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Welcome. Many activities of your chapter have occurred since my spring newsletter. I had hoped to get this out in a more timely fashion but my computer had a few glitches that needed tech support. My children like to say "Richard and Susan Lane, fighting technology all the way". Appears there may be some truth in that. Fortunately your Council and ACP are much more tech savvy. Below you will find updates to what is going on at our state level as well as some of the things ACP has been working on to help our members. Have a happy Holiday Season and a joyous and productive New Year.
The fall 2014 BOG meeting was held in Chicago from September 18-20, 2014. The format is standard. Each morning you meet with your Governor's Class (the physicians serving the same 4 year term of office) for a working breakfast in what is essentially a focus group discussion. The remainder of the first morning is plenary sessions. The opening remarks were from Dr. Stephen Weinberger, the EVP. In my last newsletter I had outlined the strategic goals and priority initiatives. He focused on two main initiatives. First was membership with comments on new International Chapters and meetings and then the EDU project whose goal is to collaborate with local chapters to reach out to selected academic institutions to build stronger relationships. In Tennessee ACP had selected Vanderbilt and I provided from their membership list suggested physician champions and physicians who should be invited to advance to fellowship in the college. The main focus of his presentation; however, was current membership concerns with the ABIM and the maintenance of certification (MOC) process including implications of "not meeting requirements" for grandfathered physicians. One of the resolutions approved by the BOG (8-F14) addressed concerns of the impact of MOC on licensure and enrollment in insurance plans While ACP has no direct input into ABIM's certification and recertification process, which is governed by the American Board of medical Specialties (ABMS), ACP has been strongly advocating in correspondence and face to face meetings for a MOC process that is more efficient, more "user friendly", and less burdensome. ACP is developing a resource tool (MOC Navigator) to assist the membership in determining what requirements they need to meet , when they need to meet them and how to meet them because they ABIM website has proven difficult to use. ACP has provided several general membership updates regarding MOC because they recognize it has such a high priority to our membership. Dr Weinberger's letter to the membership follows in case you hadn't received it and more information on the MOC navigator is included at the end of the newsletter. I should also mention the AMA has recognized the MOC is not necessarily the barometer of a physician's competency and has published recent articles in JAMA about this.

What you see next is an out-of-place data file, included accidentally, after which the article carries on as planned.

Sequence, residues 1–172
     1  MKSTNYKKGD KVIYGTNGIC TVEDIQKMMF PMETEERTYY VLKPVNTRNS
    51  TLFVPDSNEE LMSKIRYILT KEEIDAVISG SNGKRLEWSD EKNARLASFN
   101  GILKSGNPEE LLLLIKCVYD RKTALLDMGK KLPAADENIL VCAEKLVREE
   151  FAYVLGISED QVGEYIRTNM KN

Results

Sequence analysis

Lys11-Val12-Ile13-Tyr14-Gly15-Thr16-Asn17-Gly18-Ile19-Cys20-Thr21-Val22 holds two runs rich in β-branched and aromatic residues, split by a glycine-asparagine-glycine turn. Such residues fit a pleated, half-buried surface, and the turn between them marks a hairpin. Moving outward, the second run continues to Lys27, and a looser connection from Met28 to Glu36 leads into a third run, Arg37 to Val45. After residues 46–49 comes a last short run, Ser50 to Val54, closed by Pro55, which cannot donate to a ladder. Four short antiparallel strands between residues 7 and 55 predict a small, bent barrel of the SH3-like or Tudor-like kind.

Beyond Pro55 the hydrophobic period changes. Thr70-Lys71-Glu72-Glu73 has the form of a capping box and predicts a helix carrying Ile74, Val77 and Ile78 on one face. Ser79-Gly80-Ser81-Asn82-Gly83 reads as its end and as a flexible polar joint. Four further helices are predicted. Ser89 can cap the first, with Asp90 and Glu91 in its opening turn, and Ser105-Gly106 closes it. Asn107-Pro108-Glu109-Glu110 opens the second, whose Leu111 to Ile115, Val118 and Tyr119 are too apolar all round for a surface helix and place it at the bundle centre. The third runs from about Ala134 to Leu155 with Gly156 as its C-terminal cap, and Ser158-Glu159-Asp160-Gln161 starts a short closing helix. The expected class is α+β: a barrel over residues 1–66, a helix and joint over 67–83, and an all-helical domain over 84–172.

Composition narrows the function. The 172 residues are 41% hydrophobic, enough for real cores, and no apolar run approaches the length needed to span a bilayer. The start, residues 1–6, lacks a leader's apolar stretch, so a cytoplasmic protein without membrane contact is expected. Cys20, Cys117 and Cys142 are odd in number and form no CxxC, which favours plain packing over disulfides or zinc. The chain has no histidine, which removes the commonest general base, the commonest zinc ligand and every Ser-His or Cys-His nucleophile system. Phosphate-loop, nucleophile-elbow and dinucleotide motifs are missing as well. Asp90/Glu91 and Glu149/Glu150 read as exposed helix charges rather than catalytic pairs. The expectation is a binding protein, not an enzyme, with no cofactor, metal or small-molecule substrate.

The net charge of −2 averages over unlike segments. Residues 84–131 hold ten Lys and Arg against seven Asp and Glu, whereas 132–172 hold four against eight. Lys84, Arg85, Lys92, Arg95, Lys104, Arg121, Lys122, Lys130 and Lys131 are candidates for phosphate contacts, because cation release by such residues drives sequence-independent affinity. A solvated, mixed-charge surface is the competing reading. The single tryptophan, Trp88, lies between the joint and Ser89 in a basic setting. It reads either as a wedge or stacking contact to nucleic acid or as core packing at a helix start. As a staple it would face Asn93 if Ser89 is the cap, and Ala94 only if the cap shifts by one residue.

The second major focus of the plenary sessions was on trying to bring the joy back into medicine. ACP has identified the need to reduce administrative "hassles" as a priority for our members and is working on "re-invigorating the patient-physician relationship by challenging unnecessary practice burdens", called the "patients before paperwork initiative". Their goals are lofty: 1. Educate physicians, consumer advocates, policymakers on what makes up administrative complexities, including the intent of the requirement and how the complexity impacts patients and physicians.; 2. Identify which complexities are highest priority and concern to ACP members; 3. Implement approaches to mitigate or eliminate top priority complexities; 4. Reduce physician burn-out, restore the joy of practice, and reinvigorate the patient-physician relationship. What we know: 1. Excessive administrative activities cost 12% of net patient service revenue and account for four hours of time each week per physician; 2. 74% of administrative complexity burden is associated with time spent preparing paperwork and contacting payers about prescriptions, diagnoses, treatment plans, and referrals; 3. On average physicians spend 43 minutes per workday interacting with health plans which equates to 3 hours/week or 3 weeks/year; 4. The top three administrative complexities are the electronic health records, quality reporting, and dealing with insurance companies. The Medical practice and Quality Committee along with ACP staff have been working on this project. Look for an upcoming policy paper on this and when that has been published it will be followed with a communication campaign with appropriate stakeholders.
The remaining time of the sessions focuses on the resolutions brought from various chapters and leadership training for the governors as well as updates on new tools and resources ACP has for its members. The meetings finish off with a town hall session which is an open forum to discuss and chapter concerns with ACP leadership.
Dear ACP members,
I am writing to update you on ACP's recent efforts related to the American Board of Internal Medicine's Maintenance of Certification (MOC) program. In response to concerns about participation in MOC being used as a criterion for credentialing or licensure, ACP's Board of Regents approved a policy statement making it clear that ACP does not support applying ABIM's current MOC process as a necessary or sole criterion to identify and recognize competence and quality of care. Although ACP encourages voluntary participation in MOC, the statement emphasizes that participation in MOC should not be an absolute prerequisite for state licensure, hospital credentialing, or health plan (insurer) credentialing. Instead, decisions about licensure and credentialing should be based on the physician's performance in his or her practice setting and a broader set of criteria for assessing competence, professionalism, commitment to continuous professional development, and quality of care provided.